The hustle and bustle of the holiday season excites and invigorates many people every year. Baking treats, traveling to visit friends and/or relatives, shopping for gifts, wrapping said gifts, exchanging the same said gifts, mailing Christmas cards and packages, cooking meals, decorating the house and at least one Christmas tree (I would decorate three Christmas trees each year while I was growing up: the big one in the living room, my tree in my bedroom, and my grandparents’ tree in their living room), and planning get-togethers make up the typical holiday schedule for most people.
However, just the mere thought of these festivities that give to pleasure to many people also suck the life out of just as many others. Maybe you don’t like to bake but have to help with it, anyway. Maybe you dread family time because you’re dealing with a loss, or you’re not looking forward to seeing certain relatives. Maybe you can’t afford to shop for gifts or send Christmas cards. Maybe recipes for Christmas meals might as well be written in a foreign language, decorating isn’t your thing, and get-togethers with lots of people make your skin crawl.
This year, I am one of those people who has had the life sucked out of her by the above mentioned activities.
It was somewhat expected. Christmas last year was rough, and as expected, this one hasn’t been a highlight, either. For my sanity’s sake, I’ve kept the baking, traveling, shopping, wrapping, exchanging, mailing, cooking, decorating, and planning to a minimum this year. I’d planned on going to my aunt and uncle’s house for their annual Christmas Eve party for dinner and my church’s 11:00 candlelight service, both of which are–at most–a 10 minute drive from the house, but a splitting headache that I’d had all day forced me to stay home on the couch all afternoon and evening while my mom and brother went to my aunt and uncle’s party.
I turned off the Christmas music that my mom had been blaring (she’ll deny that it was blaring 🙂 ), covered myself with two fleece blankets, took off my glasses, curled up on the couch, and gladly welcomed the second wave of sleep that was about to hit me, hoping that it would squelch the throbbing pain that made my head feel ten pounds heavier than it was supposed to. However, I woke up a short while later, my headache just as bad as ever.
Since sleep was out of the question for a while, I went to my room and got my iPod, colored pencils, new coloring book, journal, favorite pens, and a few books to keep myself occupied in the living room. (I preferred sleeping in my bed, but I needed to keep an ear open for any mischief that my two dogs, Dusty and Kirby, might get into. Thankfully, they were in the mood to nap in the living room, too, at least part of the time.) Reading was somewhat difficult with the headache, so I decided to work on the picture I started in my coloring book earlier this week. (Stay tuned for a blog post on that.)
While coloring the kaleidoscopic design printed in my coloring book, I soaked in the silence of the evening. No loud music. (I never did listen to my iPod last night.) No TV. No radio. No ringing phone. (I left it on, but no one texted or called.) Just the hum of the timer for the living room light, the pencil strokes on the paper as I colored, and the occasional jingle of Dusty and Kirby’s dog tags when they stood up a few times to ask to be let out. (They really do ask. It’s the look in their eyes. 🙂 )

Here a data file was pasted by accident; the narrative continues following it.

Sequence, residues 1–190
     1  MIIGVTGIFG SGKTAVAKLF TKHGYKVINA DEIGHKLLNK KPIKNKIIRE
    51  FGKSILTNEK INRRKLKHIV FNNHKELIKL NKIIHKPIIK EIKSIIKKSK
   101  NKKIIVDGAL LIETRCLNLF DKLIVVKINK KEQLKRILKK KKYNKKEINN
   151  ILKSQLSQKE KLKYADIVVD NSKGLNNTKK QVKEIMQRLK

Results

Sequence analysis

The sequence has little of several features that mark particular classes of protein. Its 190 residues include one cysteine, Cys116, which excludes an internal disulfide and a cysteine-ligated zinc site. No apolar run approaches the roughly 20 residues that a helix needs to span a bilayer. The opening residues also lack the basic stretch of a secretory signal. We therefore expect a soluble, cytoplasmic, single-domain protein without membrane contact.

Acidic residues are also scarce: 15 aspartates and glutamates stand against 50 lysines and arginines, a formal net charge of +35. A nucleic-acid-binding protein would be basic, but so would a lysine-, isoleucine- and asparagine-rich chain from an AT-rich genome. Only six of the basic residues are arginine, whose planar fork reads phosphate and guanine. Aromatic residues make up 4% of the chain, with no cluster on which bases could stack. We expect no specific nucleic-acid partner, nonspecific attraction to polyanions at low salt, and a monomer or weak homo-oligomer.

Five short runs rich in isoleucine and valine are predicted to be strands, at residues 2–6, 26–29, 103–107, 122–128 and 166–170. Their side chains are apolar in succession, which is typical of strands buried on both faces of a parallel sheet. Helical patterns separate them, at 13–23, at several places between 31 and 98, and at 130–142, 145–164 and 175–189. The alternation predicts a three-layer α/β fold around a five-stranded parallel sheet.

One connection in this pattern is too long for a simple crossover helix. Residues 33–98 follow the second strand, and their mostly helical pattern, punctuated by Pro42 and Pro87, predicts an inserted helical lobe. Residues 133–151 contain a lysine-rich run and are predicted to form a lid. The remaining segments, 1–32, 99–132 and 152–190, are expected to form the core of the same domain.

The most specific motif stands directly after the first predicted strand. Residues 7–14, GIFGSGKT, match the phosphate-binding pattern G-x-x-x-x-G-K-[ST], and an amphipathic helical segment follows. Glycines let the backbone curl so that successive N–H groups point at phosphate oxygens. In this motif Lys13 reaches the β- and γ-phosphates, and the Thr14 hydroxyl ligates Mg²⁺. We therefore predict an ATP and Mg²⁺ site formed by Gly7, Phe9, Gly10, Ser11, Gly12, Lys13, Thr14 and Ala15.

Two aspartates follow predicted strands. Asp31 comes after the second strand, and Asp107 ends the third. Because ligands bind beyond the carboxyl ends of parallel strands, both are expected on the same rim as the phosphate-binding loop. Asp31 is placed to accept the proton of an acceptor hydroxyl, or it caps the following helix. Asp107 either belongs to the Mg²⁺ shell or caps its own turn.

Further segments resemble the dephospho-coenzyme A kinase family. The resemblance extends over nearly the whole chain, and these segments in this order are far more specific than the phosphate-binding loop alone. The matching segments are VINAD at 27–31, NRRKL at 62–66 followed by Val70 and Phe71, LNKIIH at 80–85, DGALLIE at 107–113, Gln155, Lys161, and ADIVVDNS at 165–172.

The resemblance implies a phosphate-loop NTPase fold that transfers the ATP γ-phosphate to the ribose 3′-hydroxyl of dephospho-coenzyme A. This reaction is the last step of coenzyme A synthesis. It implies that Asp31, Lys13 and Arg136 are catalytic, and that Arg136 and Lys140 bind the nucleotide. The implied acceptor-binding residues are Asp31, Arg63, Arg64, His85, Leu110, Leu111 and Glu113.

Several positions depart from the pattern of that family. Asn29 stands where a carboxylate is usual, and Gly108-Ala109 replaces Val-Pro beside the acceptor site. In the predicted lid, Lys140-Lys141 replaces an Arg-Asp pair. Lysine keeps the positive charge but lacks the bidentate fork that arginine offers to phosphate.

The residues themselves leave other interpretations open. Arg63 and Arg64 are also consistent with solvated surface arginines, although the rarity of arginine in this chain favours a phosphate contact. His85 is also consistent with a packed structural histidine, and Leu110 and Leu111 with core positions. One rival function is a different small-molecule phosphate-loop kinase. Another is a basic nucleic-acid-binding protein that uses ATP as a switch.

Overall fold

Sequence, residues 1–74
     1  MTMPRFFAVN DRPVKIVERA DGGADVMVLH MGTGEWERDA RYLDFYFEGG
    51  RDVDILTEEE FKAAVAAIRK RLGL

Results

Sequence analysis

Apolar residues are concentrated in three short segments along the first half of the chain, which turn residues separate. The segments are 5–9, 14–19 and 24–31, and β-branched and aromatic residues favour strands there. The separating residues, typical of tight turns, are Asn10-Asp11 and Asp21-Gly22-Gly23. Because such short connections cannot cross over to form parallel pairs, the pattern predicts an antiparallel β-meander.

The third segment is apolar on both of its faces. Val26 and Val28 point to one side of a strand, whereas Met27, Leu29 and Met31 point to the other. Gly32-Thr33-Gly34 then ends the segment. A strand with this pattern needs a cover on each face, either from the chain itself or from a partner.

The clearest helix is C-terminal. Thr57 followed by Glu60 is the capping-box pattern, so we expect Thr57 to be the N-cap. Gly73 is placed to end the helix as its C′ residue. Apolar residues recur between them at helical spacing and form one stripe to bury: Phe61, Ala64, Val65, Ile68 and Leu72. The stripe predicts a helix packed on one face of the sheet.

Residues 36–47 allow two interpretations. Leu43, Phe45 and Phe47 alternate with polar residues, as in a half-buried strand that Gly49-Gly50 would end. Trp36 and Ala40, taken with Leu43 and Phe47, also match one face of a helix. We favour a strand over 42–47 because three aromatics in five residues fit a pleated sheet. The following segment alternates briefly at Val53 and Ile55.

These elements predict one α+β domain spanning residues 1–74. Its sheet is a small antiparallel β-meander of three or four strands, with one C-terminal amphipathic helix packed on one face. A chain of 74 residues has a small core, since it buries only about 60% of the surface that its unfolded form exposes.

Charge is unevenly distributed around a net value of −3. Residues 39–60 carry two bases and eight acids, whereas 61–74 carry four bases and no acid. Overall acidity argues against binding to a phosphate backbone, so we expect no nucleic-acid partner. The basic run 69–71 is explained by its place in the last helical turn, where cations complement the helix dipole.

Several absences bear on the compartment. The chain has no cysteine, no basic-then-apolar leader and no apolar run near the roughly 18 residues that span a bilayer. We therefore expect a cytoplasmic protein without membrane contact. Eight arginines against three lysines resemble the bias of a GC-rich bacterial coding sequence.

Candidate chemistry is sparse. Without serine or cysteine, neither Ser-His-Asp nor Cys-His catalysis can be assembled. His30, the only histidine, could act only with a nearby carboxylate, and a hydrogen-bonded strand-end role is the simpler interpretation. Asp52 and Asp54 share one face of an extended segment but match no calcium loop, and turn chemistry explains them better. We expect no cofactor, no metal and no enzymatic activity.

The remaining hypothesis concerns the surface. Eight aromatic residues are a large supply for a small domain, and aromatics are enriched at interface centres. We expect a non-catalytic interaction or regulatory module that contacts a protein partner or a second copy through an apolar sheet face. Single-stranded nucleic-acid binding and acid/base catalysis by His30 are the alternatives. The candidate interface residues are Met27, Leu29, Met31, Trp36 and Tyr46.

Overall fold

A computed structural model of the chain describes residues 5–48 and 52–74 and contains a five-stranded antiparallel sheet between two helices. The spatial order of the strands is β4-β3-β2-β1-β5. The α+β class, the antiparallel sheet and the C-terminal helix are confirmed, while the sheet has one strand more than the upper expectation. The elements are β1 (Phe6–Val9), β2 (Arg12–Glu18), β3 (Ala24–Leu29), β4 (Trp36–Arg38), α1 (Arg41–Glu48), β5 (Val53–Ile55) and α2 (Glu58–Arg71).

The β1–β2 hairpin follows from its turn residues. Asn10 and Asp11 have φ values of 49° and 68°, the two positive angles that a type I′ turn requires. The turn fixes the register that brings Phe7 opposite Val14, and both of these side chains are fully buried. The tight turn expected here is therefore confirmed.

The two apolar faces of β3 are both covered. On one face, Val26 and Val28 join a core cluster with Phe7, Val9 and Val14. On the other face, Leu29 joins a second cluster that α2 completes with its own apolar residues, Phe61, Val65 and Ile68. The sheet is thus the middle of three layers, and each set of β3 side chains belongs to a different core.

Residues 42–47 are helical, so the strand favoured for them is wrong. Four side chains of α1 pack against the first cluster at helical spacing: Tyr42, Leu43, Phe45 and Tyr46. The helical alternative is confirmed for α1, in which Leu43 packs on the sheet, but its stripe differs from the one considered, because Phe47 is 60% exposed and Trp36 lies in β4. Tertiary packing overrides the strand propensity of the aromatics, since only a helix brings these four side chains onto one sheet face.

It was the first time all day that I could actually hear myself think. I relished the chance to enjoy simple pleasures, to reflect, to pray for people I love dearly, to journal, to enjoy my dogs’ company, and to slow down from all of the holiday hustle and bustle. Despite being home alone with what my mom wondered was a migraine headache (I don’t think it was bad enough to be called that), it felt like I was truly celebrating for the first time all day.
I’ve never been against all of the activities mentioned earlier in this post, but to me, they aren’t worth stressing over. It baffles some people how little I socialize, attend parties, shop for gifts (I try to make unique gifts instead…”try” being the key word here), create a Christmas list (I can’t remember the last time I made one, because the “things” I really want can’t be bought), or eat fancy food. I appreciate those things, but I don’t need them to celebrate and be happy.
As you make your way through the rest of this festive time of year, I hope you take some time to celebrate how you want to, even if other people think it’s weird. I hope you’ll take time just to breathe and soak in everything God has given us, not just at Christmastime, but every day of the year. I hope you’ll spend time with the people you love and relish every second of it. I hope you listen to your favorite Christmas songs and spend time with people you love, but I also hope you’ll spend some time in silence, away from other people, to do whatever you need to do to maintain your sanity. If you’re planning get-togethers or trying to find that perfect gift for the person who’s hard to buy for, don’t stress about it too much. Your time and love mean more to people than how the turkey was cooked or what you bought them for Christmas. And if anyone is upset over your genuine efforts, don’t blame yourself. Maybe they need to change their perspective.
Today, Christmas Day, has been less than ideal, but I’m still thanking God for what He has given today and before now. I did spend time with some people today, but I’ve had a hefty amount of alone time today, too. I just finished watching Little Women (one of my favorite movies; watching this movie every Christmas break has been a tradition for me since I was 21). The day is winding down, and I need to get ready for tomorrow.
Thanks for reading, all. Merry Christmas. Goodnight.